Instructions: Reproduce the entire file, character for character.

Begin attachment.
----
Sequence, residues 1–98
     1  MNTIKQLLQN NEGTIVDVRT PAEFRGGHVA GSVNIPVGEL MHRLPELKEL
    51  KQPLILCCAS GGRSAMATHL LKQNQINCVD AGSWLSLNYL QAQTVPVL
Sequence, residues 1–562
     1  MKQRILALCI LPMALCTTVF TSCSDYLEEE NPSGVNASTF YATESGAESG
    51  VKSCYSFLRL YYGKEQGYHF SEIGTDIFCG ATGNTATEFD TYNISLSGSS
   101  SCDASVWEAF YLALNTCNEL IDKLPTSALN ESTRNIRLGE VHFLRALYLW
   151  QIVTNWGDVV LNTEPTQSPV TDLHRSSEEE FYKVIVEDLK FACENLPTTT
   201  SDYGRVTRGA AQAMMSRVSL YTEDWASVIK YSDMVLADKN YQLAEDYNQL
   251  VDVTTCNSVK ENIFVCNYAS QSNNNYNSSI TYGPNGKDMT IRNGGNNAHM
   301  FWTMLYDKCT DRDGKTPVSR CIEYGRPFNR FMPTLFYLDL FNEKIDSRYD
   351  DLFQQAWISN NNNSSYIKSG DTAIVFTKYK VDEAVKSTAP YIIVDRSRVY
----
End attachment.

Sequence, residues 1–98
     1  MNTIKQLLQN NEGTIVDVRT PAEFRGGHVA GSVNIPVGEL MHRLPELKEL
    51  KQPLILCCAS GGRSAMATHL LKQNQINCVD AGSWLSLNYL QAQTVPVL
Sequence, residues 1–562
     1  MKQRILALCI LPMALCTTVF TSCSDYLEEE NPSGVNASTF YATESGAESG
    51  VKSCYSFLRL YYGKEQGYHF SEIGTDIFCG ATGNTATEFD TYNISLSGSS
   101  SCDASVWEAF YLALNTCNEL IDKLPTSALN ESTRNIRLGE VHFLRALYLW
   151  QIVTNWGDVV LNTEPTQSPV TDLHRSSEEE FYKVIVEDLK FACENLPTTT
   201  SDYGRVTRGA AQAMMSRVSL YTEDWASVIK YSDMVLADKN YQLAEDYNQL
   251  VDVTTCNSVK ENIFVCNYAS QSNNNYNSSI TYGPNGKDMT IRNGGNNAHM
   301  FWTMLYDKCT DRDGKTPVSR CIEYGRPFNR FMPTLFYLDL FNEKIDSRYD
   351  DLFQQAWISN NNNSSYIKSG DTAIVFTKYK VDEAVKSTAP YIIVDRSRVY